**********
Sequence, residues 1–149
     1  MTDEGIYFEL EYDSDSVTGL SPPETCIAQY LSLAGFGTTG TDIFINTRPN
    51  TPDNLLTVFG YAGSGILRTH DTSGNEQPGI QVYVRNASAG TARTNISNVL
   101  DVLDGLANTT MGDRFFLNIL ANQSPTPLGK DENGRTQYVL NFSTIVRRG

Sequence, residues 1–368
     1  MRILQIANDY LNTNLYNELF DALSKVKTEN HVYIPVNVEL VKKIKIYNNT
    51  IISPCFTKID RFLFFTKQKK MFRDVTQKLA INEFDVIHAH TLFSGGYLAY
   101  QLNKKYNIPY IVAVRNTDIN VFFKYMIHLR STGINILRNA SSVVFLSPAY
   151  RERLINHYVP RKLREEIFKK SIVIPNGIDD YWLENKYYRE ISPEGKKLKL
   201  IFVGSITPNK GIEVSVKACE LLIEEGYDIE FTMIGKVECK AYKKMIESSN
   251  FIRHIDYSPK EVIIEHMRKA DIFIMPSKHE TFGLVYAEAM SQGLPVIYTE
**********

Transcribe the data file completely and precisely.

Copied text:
Sequence, residues 1–149
     1  MTDEGIYFEL EYDSDSVTGL SPPETCIAQY LSLAGFGTTG TDIFINTRPN
    51  TPDNLLTVFG YAGSGILRTH DTSGNEQPGI QVYVRNASAG TARTNISNVL
   101  DVLDGLANTT MGDRFFLNIL ANQSPTPLGK DENGRTQYVL NFSTIVRRG

Sequence, residues 1–368
     1  MRILQIANDY LNTNLYNELF DALSKVKTEN HVYIPVNVEL VKKIKIYNNT
    51  IISPCFTKID RFLFFTKQKK MFRDVTQKLA INEFDVIHAH TLFSGGYLAY
   101  QLNKKYNIPY IVAVRNTDIN VFFKYMIHLR STGINILRNA SSVVFLSPAY
   151  RERLINHYVP RKLREEIFKK SIVIPNGIDD YWLENKYYRE ISPEGKKLKL
   201  IFVGSITPNK GIEVSVKACE LLIEEGYDIE FTMIGKVECK AYKKMIESSN
   251  FIRHIDYSPK EVIIEHMRKA DIFIMPSKHE TFGLVYAEAM SQGLPVIYTE